Due to popular demand, LittleHill Animal Rescue will return to county Laois this month with rescue hens for people to adopt.
The Kildare-based charity is calling on compassionate Laois locals to consider offering a home to a few of these feathered ladies, to save them from the slaughterhouse.
“We had a fantastic response in Laois during our last hen rescue operation in October,” said Susan Anderson, founder of LittleHill Animal Rescue and Sanctuary, “so we have decided to return to Portarlington on the 16th of November this time around.”
So, where do these hens come from, and what are they being rescued from? Commercial egg-laying chickens are routinely slaughtered at about 15-months of age, when their productivity drops slightly.
“They take a little break from laying at around this age,” Susan said. “When they start again, their productivity is reduced by about 10%. This small reduction in eggs wouldn’t make any difference to you or me, but to a farmer on tight margins, this could mean the difference between profit and loss.”
At several egg farms in Ireland, LittleHill rescues as many hens as possible from this untimely demise, so that they can experience long and happy lives, free from the stressful conditions of intensive farming.
“The majority of these hens will live for a few more years,” Susan stated, “and they make the best little companions.”
Already, hundreds of compassionate people in Laois have made room in their lives for these creatures, with many adopters reporting the surprising benefits.
“We decided to adopt a few hens back in June because it broke my heart to think that these little girls were going to die having never felt love or kindness,” said Aoife Melia, who keeps hens at her home in Mountmellick.
“When they first arrived, they were in horrendous condition – bald patches everywhere, pale floppy combs and just terrified of everything.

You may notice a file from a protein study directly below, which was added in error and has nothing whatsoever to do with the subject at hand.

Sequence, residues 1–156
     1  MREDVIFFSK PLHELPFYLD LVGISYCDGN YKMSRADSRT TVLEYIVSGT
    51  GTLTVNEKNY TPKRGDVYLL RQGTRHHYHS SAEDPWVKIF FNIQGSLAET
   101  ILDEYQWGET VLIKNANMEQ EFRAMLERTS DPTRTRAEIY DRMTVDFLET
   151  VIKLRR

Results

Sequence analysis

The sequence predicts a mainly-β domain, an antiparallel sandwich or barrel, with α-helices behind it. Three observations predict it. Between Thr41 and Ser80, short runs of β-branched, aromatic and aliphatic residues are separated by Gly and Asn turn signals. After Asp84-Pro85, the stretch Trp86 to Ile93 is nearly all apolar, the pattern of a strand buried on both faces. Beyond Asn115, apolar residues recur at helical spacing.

“Within days though, they were basking in the sun, enjoying dust baths and slowly learning that they were safe here.”
Many adopters, including Aoife, confess that their new chickens soon become much-loved family pets, with strong personalities.
“They are such clever little creatures with the best personalities. They are fully fledged pets who love to sneak into the house for some treats and cuddles,” Aoife said.
“Minnie, who’s the boss lady, even knocks on our window in the mornings to be let inside to lay her egg!”
Aoife also discussed how keeping hens has helped her family to reduce their environmental impact.
“We have the added bonus of zero food waste, our own free fertiliser from their poop and they are great little helpers with the weeds,” she said.
Eggs from your back garden also have a much lower carbon footprint than shop-bought eggs, as the emissions associated with indoor farming, packaging and transport are avoided.
To acquire feathered ladies of your very own, prospective adopters are asked to send a private message to the charity’s Facebook page, LittleHill Animal Rescue & Sanctuary, stating the number of hens they would like to adopt and the collection town.
In addition to Portarlington on Saturday the 16th, other nearby stops include Birr on the 16th and Tullamore on the 17th.
Those without a Facebook account can ask a relative or friend to make the booking on their behalf. A small adoption fee of six euro per hen applies.
So, how can you prepare for your new arrivals? Aoife explains that you need a chicken coop, kennel or shed that can be locked at night to keep the hens safe from predators, and a secure outdoor area that they can enjoy during the day.
“They’re so easy and inexpensive to keep, compared to what they give back to you in bucketfuls,” she concludes. “Our rescue hens have added so much to our family life, and the constant supply of delicious fresh eggs is a total bonus!”